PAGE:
If a case was put forth for the expulsion of Europe’s minnows from European Championship qualifying, then the stats would provide pretty compelling evidence for prosecution.
You ready? Since qualification for Euro 1996, Europe’s true minnows – of which for this purpose FFT is counting, in alphabetical order and not sporting ineptitude, as Andorra, Faroe Islands, Liechtenstein, Luxembourg, Malta and San Marino – have amassed a combined goal difference of minus 768.
Newcomers Gibraltar have already entered into the spirit of things, losing 7-0 to Poland in their first ever European Championship qualifier on the Algarve last month.
In short, the goalkeepers of these respective specks of European football have been, and continue to be, used for little more than target practice for some of the continent’s most lethal marksmen (and David Nugent, who netted against Andorra in injury-time on his only England appearance back in 2007).
Hope for the hopeless
So when international week rolls around, you could forgive these rag-tag mobs of butchers, bakers and euro candlestick makers for opting to hide behind their sofas rather than running out for their country safe in the knowledge that they're about to receive the sort of hiding traditionally reserved for errant British schoolkids in the 1960s. The reality, though, is somewhat different.
“Representing your country is the ultimate for any footballer, it's what you dream of doing,” Gibraltar and Bristol Rovers midfielder Jake Gosling tells FFT. “We're not running out thinking 'we're going to get a hiding here', we're running out thinking that we want to make the whole country proud.”
Gibraltar were steamrollered by Lewandowski's Poland
Despite the tsunami of goals that has enveloped Europe's minnows in the past 20 years, there have been times when Gosling's wishes have been fulfilled elsewhere.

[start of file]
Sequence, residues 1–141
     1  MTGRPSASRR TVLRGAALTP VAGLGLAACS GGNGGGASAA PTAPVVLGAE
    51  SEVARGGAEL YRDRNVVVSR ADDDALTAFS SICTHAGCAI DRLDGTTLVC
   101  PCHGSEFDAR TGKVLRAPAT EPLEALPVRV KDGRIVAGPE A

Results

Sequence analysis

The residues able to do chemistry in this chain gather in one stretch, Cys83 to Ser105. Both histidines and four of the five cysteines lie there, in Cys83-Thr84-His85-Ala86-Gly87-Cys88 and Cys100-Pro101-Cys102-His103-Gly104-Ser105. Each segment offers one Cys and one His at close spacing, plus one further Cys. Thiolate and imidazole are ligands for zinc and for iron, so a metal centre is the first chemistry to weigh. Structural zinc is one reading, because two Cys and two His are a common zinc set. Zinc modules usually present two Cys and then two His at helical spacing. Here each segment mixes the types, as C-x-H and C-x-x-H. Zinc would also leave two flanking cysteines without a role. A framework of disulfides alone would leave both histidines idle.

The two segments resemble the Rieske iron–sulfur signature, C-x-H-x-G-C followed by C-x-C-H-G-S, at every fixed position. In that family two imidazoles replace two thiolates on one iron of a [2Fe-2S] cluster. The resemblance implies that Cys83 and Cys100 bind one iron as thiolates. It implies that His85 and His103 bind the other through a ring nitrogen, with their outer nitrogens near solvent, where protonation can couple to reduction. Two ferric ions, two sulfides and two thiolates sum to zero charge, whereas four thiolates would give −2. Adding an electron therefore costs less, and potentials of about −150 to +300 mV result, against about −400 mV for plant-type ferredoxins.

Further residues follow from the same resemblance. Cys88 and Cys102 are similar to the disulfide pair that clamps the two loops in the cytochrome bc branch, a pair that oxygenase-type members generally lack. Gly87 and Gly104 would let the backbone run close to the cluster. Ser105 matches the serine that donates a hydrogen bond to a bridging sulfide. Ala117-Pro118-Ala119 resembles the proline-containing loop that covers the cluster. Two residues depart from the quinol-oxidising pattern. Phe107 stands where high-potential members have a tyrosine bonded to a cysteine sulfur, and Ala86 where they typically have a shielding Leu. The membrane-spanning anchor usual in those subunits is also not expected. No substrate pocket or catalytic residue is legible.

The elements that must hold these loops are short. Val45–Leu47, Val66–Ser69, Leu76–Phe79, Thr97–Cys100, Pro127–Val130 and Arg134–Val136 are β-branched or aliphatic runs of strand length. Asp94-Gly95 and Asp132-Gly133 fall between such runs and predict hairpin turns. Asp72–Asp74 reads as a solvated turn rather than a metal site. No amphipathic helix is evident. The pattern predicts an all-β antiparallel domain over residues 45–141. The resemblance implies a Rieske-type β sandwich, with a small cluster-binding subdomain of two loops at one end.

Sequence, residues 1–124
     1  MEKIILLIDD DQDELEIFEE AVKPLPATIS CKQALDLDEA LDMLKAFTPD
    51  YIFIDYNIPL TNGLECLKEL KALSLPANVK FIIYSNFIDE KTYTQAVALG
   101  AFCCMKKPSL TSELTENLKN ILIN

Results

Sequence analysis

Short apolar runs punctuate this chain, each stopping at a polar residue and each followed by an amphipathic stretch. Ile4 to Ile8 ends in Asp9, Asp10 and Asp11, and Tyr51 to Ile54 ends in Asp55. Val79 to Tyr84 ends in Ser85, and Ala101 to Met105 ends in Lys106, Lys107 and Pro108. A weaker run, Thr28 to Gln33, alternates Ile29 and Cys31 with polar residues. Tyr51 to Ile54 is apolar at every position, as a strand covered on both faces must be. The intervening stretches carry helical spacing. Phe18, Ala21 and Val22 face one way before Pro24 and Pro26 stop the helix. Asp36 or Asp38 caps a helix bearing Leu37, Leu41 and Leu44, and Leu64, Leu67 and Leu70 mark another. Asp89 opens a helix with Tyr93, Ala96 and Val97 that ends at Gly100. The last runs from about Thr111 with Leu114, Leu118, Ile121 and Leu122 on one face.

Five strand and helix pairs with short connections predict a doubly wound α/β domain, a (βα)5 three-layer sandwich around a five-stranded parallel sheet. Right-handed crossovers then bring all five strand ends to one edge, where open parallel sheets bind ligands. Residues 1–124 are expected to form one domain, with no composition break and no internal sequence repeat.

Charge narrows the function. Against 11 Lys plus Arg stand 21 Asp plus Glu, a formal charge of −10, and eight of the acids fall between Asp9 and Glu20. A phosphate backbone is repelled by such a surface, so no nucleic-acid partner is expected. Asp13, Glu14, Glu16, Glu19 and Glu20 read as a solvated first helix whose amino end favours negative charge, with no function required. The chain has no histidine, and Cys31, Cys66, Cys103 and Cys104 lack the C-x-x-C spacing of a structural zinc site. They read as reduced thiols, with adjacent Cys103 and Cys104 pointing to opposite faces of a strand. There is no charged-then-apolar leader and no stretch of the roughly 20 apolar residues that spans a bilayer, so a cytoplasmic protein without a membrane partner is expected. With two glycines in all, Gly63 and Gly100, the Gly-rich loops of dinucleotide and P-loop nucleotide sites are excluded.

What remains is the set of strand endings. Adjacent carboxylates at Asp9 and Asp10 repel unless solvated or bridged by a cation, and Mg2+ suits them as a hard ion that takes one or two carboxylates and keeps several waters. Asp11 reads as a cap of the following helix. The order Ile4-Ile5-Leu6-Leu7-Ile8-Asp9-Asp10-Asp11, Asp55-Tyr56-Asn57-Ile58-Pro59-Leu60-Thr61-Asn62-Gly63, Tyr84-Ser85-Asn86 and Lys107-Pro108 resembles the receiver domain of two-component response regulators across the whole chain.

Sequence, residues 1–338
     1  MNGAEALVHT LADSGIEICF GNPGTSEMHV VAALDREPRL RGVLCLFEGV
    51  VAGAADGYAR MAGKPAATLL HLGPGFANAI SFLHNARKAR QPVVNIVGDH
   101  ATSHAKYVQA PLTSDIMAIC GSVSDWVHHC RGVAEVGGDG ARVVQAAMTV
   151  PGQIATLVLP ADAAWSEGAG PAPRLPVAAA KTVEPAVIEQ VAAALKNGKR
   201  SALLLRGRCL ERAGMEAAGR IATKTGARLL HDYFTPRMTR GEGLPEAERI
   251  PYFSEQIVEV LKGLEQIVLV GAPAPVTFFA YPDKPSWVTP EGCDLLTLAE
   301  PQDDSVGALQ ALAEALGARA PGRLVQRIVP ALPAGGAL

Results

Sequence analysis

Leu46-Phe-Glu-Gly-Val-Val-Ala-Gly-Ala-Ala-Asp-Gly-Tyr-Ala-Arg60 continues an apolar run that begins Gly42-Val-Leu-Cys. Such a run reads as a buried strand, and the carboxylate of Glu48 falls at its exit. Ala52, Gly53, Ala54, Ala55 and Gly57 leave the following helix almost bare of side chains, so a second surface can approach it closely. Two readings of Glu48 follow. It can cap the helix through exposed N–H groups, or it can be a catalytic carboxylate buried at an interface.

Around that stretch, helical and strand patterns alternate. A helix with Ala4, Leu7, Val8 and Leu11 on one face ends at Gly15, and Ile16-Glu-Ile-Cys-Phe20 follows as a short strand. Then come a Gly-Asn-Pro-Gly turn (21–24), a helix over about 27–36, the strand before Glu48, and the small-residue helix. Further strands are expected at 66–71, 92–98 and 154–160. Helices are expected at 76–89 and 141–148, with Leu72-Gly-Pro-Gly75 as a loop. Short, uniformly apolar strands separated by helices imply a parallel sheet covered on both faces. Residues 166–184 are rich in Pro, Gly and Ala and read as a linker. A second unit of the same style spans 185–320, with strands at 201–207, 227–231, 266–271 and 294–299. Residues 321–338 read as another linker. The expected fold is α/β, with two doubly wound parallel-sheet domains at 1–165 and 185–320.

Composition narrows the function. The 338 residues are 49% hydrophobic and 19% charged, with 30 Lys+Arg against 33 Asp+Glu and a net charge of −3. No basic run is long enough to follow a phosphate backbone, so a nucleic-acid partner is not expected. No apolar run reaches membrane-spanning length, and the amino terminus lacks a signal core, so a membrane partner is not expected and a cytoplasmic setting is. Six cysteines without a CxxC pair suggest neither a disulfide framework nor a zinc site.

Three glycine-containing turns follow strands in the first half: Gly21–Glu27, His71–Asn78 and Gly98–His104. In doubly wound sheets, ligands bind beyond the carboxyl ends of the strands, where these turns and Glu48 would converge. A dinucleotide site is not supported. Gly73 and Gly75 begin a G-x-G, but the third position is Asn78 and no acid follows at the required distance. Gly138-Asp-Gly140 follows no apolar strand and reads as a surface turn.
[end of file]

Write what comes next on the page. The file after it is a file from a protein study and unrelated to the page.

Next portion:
Liechtenstein, for example, beat Latvia and Iceland in qualifying for Euro 2008, hammering the latter 3-0 in Vaduz. They also upset Lithuania in Euro 2012 qualifying, beating the former Soviet republic 2-0 just months after Scotland needed seven minutes of stoppage-time to conjure a winner against them at Hampden Park.
“You need to give the players confidence,” says the man who led the country to those successes, Hans-Peter Zaugg. “They need to feel the playing field is as level as it can be. Of course, there's an element of realism but you have to make the players believe they can achieve anything. And you have to try to believe that yourself.”
At least Liechtenstein can draw on previous successes – a luxury not afforded to San Marino or Andorra.
We're running out thinking that we want to make the whole country proud"
- Gibraltar's Jake Gosling
Between them these two makeweights haven't won a single point in European Championship qualification. Before their current qualifying campaigns, they'd also shipped an eye-watering 331 goals, and scored just 12.
It's with little wonder that Wales were relieved to avoid the ignominy of drawing with the Andorrans last month, albeit on a 3G pitch that received a distinctly dodgy appraisal.